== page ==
“We have to work together in this fiscal environment. You have to provide a united front [to Congress when discussing funding for medical research]. We can't pick and choose the science—that's what NIH is about,” she said.

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AACR Follow-Up Plans

I also spoke with AACR CEO Margaret Foti, PhD, about what would happen post-Rally.

Although she had announced at a reception after the event that AACR and Research!America planned “to keep the effort going beyond today,” she said during our interview that further plans would depend on input from all 205 partner organizations, and that AACR would be sending out a survey later this month to assess “what worked, what could have been done better, and where do we go from here?”



She emphasized solidarity among all the organizations and said: “We want to make sure that however it goes forward, it is the collective opinion of all of the steering committee members and has the recommendation of the full group.”

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Steering Committee

In addition to AACR, the steering committee consists of representatives from:

  • amfAR, the Foundation for AIDS Research;
  • Association of American Cancer Institutes;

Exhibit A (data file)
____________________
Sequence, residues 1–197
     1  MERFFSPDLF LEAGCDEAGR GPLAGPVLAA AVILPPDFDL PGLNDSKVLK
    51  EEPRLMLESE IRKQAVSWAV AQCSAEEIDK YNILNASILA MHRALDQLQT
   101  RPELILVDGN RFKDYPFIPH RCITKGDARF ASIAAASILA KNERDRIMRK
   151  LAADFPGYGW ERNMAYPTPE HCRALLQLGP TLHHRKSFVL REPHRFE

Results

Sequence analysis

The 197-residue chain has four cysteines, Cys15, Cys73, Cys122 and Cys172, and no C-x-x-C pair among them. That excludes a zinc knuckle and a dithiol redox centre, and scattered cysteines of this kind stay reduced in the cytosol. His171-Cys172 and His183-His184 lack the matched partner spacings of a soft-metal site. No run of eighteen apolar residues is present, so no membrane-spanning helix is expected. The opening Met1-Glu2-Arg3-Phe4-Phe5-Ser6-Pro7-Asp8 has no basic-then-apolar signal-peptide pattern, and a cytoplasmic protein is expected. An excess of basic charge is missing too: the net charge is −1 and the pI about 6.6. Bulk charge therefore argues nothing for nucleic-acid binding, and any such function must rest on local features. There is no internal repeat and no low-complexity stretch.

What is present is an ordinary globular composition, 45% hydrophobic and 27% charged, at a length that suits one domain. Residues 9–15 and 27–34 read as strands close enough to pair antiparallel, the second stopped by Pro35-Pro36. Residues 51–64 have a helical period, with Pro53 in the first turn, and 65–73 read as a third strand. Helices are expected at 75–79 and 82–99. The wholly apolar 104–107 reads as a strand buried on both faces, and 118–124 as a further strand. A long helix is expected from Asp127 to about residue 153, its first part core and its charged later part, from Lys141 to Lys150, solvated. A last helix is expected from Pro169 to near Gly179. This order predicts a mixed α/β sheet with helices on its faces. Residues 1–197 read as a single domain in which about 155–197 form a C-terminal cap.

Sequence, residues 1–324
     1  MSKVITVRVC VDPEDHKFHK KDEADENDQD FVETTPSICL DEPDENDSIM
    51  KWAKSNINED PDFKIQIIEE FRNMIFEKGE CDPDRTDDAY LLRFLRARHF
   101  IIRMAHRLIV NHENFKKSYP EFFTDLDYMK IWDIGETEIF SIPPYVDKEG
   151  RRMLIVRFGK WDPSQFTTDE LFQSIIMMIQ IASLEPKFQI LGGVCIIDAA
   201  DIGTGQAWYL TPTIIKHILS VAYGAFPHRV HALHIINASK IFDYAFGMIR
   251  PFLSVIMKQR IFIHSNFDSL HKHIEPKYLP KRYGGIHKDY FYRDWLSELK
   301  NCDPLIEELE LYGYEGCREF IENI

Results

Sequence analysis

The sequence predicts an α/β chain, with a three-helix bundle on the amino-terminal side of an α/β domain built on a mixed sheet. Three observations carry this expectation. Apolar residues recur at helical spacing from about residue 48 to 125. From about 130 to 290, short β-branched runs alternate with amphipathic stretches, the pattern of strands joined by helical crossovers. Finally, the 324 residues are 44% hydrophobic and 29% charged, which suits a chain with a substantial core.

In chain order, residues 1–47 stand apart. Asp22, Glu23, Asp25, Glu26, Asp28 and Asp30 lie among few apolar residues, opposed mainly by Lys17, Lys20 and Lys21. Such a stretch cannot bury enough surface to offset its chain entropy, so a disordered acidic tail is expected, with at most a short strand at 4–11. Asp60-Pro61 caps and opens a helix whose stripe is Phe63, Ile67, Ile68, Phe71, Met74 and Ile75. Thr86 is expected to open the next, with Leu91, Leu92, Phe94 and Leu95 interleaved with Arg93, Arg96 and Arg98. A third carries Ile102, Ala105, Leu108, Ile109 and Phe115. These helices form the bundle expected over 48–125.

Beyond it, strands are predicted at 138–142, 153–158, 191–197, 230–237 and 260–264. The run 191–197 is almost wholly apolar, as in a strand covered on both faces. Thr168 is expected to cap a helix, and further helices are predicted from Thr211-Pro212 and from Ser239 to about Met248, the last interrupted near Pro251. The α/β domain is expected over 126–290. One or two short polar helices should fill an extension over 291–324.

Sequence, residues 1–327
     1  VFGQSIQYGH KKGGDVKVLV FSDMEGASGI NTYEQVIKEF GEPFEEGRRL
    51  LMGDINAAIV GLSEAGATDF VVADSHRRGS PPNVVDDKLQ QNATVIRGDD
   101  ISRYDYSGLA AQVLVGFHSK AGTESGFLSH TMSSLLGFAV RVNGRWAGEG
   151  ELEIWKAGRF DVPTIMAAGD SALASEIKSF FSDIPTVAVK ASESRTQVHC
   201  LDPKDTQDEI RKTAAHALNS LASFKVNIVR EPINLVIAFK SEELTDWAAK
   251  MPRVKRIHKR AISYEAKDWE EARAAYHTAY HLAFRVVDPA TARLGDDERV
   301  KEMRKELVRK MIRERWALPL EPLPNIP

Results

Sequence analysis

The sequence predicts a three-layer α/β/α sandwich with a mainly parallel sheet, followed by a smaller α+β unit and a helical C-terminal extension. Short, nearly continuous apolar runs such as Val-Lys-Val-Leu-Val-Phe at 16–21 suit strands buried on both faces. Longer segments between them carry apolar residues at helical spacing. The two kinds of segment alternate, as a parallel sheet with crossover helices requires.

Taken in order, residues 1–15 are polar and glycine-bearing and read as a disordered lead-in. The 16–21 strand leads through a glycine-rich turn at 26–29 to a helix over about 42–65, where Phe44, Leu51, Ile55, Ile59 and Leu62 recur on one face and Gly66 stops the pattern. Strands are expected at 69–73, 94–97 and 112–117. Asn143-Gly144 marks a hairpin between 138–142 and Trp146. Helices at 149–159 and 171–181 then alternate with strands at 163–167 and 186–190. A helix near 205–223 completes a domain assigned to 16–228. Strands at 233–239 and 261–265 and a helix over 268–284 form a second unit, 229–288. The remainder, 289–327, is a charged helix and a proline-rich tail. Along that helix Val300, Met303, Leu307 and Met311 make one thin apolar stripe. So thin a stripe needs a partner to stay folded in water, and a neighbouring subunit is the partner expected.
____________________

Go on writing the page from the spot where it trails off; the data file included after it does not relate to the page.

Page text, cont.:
• Association of American Universities United for Medical Research;
  • Coalition for the Life Sciences;
  • FasterCures;
  • Population Association of America;
  • American Diabetes Association;
  • Leaders Engaged on Alzheimer's Disease;
  • American Heart Association;
  • Association of American Medical Colleges Ad Hoc for Medical Research Funding;
  • Association of Public and Land-Grant Universities;
  • Consortium of Social Science Associations;
  • Infectious Diseases Society of America;
  • Research!America.
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However, from a sampling of news releases from various member organizations that I received prior to the Rally, it seemed that not all participating organizations provided full context or credit for the event.

For example, although the American Society of Hematology referred to AACR in its Rally release, there was no mention of AACR's role or its annual meeting anywhere in two media advisories issued by the American Society of Clinical Oncology, and the Society for Immunotherapy of Cancer not only neglected to mention AACR but mistakenly stated that there were more than “18,000 in attendance to support increased funding for biomedical research,” which was the number of total attendees at the AACR meeting, not the number of those at the rally.

© 2013 Lippincott Williams & Wilkins, Inc.